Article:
enriched with vitamins and minerals. The syrup was for pregnant women.
The syrup tasted like thin honey laced with hickory smoke, and everybody who
worked in the factory secretly spooned it all day long. They weren�t pregnant, but they
needed vitamins and minerals, too. Billy didn�t spoon syrup on his first day at work, but
lots of other Americans did.
Billy spooned it on his second day. There were spoons hidden all over the factory, on
rafters, in drawers, behind radiators, and so on. They had been hidden in haste by persons
who had been spooning syrup, who had heard somebody else coming. Spooning was a
On his second day, Billy was cleaning behind a radiator and he found a spoon. To his
back was a vat of syrup that was cooling. The only other person who could see Billy and
his spoon was poor old Edgar Derby, who was washing a window outside. The spoon
was a tablespoon. Billy thrust it into the vat, turned it around and around, making a gooey
lollipop. He thrust it into his mouth.
A moment went by, and then every cell in Billy's body shook him with ravenous
gratitude and applause.
There were diffident raps at the factory window. Derby was out there, having seen all.
He wanted some syrup, too.
So Billy made a lollipop for him. He opened the window. He stuck the lollipop into
poor old Derby's gaping mouth. A moment passed, and then Derby burst into tears. Billy
closed the window and hid the sticky spoon. Somebody was coming.
The Americans in the slaughterhouse had a very interesting visitor two days before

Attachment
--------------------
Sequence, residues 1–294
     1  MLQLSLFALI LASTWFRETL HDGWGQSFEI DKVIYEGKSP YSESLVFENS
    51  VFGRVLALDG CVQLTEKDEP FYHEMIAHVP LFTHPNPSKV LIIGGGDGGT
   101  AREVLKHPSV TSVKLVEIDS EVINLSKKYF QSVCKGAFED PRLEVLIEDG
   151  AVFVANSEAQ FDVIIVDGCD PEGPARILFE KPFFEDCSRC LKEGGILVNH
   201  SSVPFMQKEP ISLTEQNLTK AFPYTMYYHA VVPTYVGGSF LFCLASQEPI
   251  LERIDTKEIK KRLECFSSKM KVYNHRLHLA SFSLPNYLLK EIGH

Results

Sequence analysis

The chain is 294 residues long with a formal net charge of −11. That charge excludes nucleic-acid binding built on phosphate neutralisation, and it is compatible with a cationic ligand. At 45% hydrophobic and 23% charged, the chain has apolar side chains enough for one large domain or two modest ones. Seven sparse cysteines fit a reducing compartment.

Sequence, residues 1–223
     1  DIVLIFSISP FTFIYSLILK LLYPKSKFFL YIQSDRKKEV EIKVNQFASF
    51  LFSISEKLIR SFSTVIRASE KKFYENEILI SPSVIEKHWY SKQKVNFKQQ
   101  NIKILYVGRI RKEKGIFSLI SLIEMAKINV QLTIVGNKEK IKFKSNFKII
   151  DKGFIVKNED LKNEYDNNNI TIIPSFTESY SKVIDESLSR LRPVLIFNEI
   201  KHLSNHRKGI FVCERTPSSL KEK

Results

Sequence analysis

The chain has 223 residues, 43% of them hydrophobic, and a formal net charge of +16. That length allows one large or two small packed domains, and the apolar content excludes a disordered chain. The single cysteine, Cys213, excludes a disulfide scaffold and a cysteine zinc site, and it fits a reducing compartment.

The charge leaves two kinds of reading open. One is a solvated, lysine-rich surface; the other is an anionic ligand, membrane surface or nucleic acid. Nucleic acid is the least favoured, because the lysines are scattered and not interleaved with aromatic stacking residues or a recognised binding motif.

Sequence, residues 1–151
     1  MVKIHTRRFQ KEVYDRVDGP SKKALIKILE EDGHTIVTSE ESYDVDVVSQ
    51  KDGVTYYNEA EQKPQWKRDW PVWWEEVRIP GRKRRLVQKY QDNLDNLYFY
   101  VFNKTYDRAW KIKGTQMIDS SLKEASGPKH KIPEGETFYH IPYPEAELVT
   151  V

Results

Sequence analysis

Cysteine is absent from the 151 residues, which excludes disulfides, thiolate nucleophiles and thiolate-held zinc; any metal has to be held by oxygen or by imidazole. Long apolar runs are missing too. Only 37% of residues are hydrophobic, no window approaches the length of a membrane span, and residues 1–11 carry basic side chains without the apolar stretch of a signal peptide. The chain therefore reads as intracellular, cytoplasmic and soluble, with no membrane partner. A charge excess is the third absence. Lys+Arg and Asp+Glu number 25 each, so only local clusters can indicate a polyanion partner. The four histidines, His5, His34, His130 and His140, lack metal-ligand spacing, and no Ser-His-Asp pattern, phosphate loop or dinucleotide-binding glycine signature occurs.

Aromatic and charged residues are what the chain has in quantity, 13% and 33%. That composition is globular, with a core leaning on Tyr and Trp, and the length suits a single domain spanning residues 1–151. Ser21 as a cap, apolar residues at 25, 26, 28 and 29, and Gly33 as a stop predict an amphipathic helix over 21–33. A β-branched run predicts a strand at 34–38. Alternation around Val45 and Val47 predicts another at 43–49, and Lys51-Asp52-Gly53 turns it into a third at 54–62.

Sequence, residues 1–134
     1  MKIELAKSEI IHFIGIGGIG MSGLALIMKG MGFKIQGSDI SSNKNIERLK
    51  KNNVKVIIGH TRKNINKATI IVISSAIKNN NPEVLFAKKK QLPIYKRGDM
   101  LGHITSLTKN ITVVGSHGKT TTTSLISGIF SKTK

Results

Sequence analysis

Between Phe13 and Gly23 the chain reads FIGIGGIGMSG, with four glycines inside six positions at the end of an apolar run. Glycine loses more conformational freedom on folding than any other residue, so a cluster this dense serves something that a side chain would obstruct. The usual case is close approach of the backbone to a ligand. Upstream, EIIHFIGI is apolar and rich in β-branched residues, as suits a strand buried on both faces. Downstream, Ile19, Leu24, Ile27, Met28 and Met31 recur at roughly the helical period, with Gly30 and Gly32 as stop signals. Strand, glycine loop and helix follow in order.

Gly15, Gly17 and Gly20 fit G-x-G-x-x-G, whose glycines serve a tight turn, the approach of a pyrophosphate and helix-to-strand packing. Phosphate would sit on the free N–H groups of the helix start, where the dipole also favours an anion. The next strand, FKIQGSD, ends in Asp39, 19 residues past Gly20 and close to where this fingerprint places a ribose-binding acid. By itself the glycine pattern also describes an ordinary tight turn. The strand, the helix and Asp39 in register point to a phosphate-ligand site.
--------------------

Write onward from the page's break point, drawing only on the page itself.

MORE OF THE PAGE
Dresden was destroyed. He was Howard W. Campbell, Jr., an American who had become
a Nazi. Campbell was the one who had written the monograph about the shabby behavior
of American prisoners of war. He wasn�t doing more research about prisoners now. He
had come to the slaughterhouse to recruit men for a Gennan military unit called 'The Free
American Corps.' Campbell was the inventor and commander of the unit, which was
supposed to fight only on the Russian front.
Campbell was an ordinary looking man, but he was extravagantly costumed in a
uniform of his own design. He wore a white ten-gallon hat and black cowboy boots
decorated with swastikas and stars. He was sheathed in a blue body stocking which had
yellow stripes running from his armpits to his ankles. His shoulder patch was a silhouette
of Abraham Lincoln's profile on a field of pale green. He had a broad armband which was
red, with a blue swastika in a circle of white.
He was explaining this armband now in the cement-block hog barn.
Billy Pilgrim had a boiling case of heartburn, since he had been spooning malt syrup
all day long at work. The heartburn brought tears to his eves, so that his image of
Campbell was distorted by jiggling lenses of salt water.
'Blue is for the American sky,' Campbell was saying.